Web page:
LESSON 17: OCTOBER 2006 (revised February 2007)


by John F. McCarthy

112. The 42 generations to Jesus in Matthew 1. Matthew 1:17 states as follows: “Therefore all the generations from Abraham to David (are) fourteen generations, and from David to the Babylonian Transmigration fourteen generations, and from the Babylonian Transmigration to Christ fourteen generations.” This cal­culation immediately follows the genealogy of Jesus in Matthew. Father Raymond Brown avers that actually there are only thirteen generations in the first set, unless the unmentioned generation of Abraham is to be included at the beginning of the list; that, in the second set, four known generations have been omitted from the genealogy; and that, in the third set, there are by count only thirteen generations. Father Brown, as a modern Scripture scholar and well-known historical critic, conjectures how this portentous but mistaken number fourteen came to appear in Matthew's Gospel. The final editor of this Gospel (not actually St. Matthew, he says), in drawing from two genealogical lists that already existed in Greek, happened to notice that there were fourteen names in an official list from Abraham to David, and that in a second list, which was a popular genealogy containing errors and omissions, he noted that again there were fourteen names from David to the Babylonian Deporta­tion. By adding himself the names of Joseph and Jesus to the end of this second list of popular provenance he thought he counted fourteen more names, although, Fr. Brown points out, there are clearly only thirteen, as anyone can see simply by counting them. And so editor “Matthew” arrived at this 3 × 14 pattern, which showed for him in some mysterious way that the coming of the Messiah was the key to God's plan of salvation. “Matthew” plainly could not count, but, says Father Brown, by using some “ingenuity” he could “salvage Matthew's reputation as a math­ema­tician,” although he does not in fact undertake to do so. 3

113. The problem of Father Brown's interpretation. If the Gospels are to be taken seriously, it is clear that St. Matthew could not actually show God's plan of salvation on the basis of false numbers. If Matthew's lists are mistaken, and if his counting is mistaken, he has no true message to give in verse 17. Father Brown is not interested in using some “ingenuity” to “salvage Matthew's reputation,” because his method of form-criticism depends upon finding mistakes in the text of the Gospels. When another mistake is detected, the method advances; when a mistake fails to appear, the method hits a snag. Father Brown knows that the seeming errors he mentions here were recognized from early times and adroitly answered by the Fathers of the Church. But he rejects their kind of “ingenuity” as an obsolete method of interpretation.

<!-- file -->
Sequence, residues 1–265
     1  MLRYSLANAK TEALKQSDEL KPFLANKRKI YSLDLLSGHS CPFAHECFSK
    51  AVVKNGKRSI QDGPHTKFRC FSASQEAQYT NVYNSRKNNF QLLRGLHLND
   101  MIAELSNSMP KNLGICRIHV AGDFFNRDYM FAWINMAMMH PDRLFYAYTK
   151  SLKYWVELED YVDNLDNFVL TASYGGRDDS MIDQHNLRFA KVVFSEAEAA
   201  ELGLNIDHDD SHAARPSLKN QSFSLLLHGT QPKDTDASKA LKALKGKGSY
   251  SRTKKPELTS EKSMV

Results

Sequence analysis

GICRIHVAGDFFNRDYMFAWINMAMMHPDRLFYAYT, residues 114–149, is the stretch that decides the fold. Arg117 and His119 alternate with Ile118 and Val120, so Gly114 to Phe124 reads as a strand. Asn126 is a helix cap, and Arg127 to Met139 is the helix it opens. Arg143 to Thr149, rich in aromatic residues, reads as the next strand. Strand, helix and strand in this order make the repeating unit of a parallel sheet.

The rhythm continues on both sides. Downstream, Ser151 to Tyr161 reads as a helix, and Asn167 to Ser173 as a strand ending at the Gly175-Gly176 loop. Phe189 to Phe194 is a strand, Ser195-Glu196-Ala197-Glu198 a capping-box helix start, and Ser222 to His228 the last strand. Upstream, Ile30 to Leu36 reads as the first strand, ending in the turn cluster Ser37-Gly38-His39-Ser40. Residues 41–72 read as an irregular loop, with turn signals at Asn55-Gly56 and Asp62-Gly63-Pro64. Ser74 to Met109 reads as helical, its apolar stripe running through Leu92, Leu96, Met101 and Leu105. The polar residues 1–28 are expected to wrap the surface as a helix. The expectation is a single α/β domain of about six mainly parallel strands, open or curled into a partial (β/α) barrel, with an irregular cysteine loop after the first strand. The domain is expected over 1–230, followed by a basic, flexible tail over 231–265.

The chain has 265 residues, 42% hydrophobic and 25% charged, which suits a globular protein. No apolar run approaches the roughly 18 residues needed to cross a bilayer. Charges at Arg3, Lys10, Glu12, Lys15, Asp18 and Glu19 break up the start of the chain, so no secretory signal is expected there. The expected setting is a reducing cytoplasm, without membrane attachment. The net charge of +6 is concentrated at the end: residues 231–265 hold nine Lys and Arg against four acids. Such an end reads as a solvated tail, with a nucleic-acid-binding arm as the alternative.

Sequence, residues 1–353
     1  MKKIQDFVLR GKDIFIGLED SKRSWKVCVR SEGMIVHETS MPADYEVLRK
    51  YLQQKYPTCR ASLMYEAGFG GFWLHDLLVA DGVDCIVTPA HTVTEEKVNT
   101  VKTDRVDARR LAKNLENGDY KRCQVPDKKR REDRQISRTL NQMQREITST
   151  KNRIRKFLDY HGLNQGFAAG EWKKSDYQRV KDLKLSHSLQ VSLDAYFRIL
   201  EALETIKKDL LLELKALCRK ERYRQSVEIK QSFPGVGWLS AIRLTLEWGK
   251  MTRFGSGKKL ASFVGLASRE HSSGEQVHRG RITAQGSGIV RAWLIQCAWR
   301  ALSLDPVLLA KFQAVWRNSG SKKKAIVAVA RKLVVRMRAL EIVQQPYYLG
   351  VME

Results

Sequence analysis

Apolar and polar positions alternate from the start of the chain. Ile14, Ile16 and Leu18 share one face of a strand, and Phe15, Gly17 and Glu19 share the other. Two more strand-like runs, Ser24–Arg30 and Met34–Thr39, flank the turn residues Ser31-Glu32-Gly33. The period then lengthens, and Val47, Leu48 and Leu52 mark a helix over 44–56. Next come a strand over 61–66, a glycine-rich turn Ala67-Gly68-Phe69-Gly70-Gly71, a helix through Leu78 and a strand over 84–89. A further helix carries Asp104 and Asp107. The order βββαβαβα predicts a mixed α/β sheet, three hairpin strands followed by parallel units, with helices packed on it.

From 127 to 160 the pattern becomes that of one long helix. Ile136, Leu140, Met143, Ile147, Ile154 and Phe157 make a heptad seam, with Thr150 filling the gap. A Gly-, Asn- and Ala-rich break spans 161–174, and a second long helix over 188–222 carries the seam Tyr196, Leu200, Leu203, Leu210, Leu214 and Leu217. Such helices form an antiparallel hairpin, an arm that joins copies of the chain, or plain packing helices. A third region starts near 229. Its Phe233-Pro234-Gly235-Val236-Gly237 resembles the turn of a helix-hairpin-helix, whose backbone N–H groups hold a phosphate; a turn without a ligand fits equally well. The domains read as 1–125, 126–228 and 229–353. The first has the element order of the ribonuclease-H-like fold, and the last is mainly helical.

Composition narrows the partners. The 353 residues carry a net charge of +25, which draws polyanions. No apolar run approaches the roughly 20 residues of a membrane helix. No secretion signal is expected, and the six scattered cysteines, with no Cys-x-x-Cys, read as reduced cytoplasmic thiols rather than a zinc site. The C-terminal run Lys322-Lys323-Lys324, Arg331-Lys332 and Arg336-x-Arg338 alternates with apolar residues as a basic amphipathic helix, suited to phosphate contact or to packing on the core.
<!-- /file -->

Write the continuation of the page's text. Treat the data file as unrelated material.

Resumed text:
114. How many generations in the first two sets? (Suggestion: Read the genealogy in Matthew 1:1-16). Father Brown avers that the time spans were too great to allow only fourteen biological generations in each of the three sets of the genealogy, since some 750 years intervened between Abraham and David, another 400 years separated David from the Babylonian Deportation, and another 600 years separated the Babylonian Deportation from the time of Jesus' birth. But Matthew is not necessarily always talking here about immediate generations. In the opening verse of the chapter, Matthew calls Jesus the “son of David, son of Abraham,” so obviously he is also using the word “son” in the extended sense of “descendant in the direct line,” and he may just as well correctly use the word “begot” in the sense of any ancestor in the direct line. For Matthew the word “generation” signifies the passing on of the seed of Abraham and of David. Some immediate generations were omitted by Matthew because of the wickedness of the bearers of the seed. Thus the supreme wickedness of the brothers Her and Onan (Gen 38) led to the elimination of one potential generation from the first set of names (cf. Matt 1:3). And the emergence of Abraham without naming his father is correspondingly included as the founder of the line. In the second set we read that “Joram begot Uzziah” (Matt 1:8), whereas, according to the Old Testament, Joram begot Ahaziah, and Ahaziah begot Joash, and Joash begot Amaziah, and Amaziah begot Azariah, who was also known as Uzziah (1 Chr 3:11-12). So here three immediate generations have been skipped, and St. John Chrysostom gives for a reason that these three omitted kings were evil descendants of the idolatress Athalia, daughter of Jezebel of Sidon, and the Lord had ordered this wicked house to be extirpated from the face of the earth (2 Kg [4 Kg] 9:8). Thus there result fourteen generations in each of the first two sets.